The cat-and-mouse game between Apple and a cadre of hackers continues as Apple is reportedly now shipping iPhone 3G S units that are jailbreak-proof. Several hackers specializing in iPhone 3G S jailbreaks are saying that the well-known 24kpwn exploit is no longer viable, because Apple is now shipping the iPhone 3G S with a new bootrom that can resist the hacking technique, according to iClarified.
If you think that last sentence sounded like a bunch of technical nonsense, you're not alone. So let's break this jailbreaking jargon down:
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Death of the hackable bootrom
A bootrom is a computer chip used in mobile phones to check the device's software when you turn it on, and makes sure the device hasn't been tampered with. I'm not clear on what the iPhone bootrom can do if it detects a problem, but a BlackBerry bootrom can shut down the device if a problem arises. To use the jailbreaking metaphor, think of the bootrom as the prison guard who checks that all the inmates are where they should be, before letting the prisoners go about their day.
Hackers used to get by the bootrom using the 24kpwn exploit that would make the guard think nothing was wrong, and everything was running normally within the iPrison. Before the iPhone 3G S came out, some hackers were worried the 24kpwn exploit wouldn't work. Fortunately for these computer rogues, Apple was not able to change the bootrom within its supply chain before the 3G S was launched.
But all that may have changed, since iPhone 3G S devices reportedly began shipping last week with an updated bootrom. Nicknamed iBoot-359.3.2, it is believed the new chip is not susceptible to the 24kpwn hack. Basically, the iPhone 3G S now has a smarter prison guard.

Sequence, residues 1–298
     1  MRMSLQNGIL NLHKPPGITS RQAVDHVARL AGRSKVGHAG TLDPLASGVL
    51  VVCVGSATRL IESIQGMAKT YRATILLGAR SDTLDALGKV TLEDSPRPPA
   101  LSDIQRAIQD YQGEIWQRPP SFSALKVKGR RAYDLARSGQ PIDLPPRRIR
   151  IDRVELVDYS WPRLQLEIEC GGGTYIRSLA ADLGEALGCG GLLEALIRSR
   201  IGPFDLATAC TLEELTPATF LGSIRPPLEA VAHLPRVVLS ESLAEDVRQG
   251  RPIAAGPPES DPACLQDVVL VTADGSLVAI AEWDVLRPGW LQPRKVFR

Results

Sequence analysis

So what does this mean?
Without a hackable bootrom, the new iPhone 3G S is not jailbreakable, which means that you cannot use software on the device that is not Apple approved.
Another term thrown around a lot is "unlocking" your device. An unlocked phone can run the device on any compatible cellular network, instead of whatever network the phone was originally tied to. The hack for unlocking the iPhone requires modifications to the baseband, which is the system responsible for phone calls and Internet access.
I'm no hacker, so I can't tell you definitively if the new bootrom means the iPhone 3GS is impossible to unlock as well as jailbreak; however, an unlock is dependent on some operations that happen when your device starts up so my assumption would be that new iPhone 3G S is resistant to unlocking as well.
So is this the end of jailbreaking and unlocking the iPhone? Probably not, those iPhone hackers are a pretty smart and crafty bunch. But the clock is ticking. Let's see how long it takes for them to come up with a solution to Apple's latest roadblock.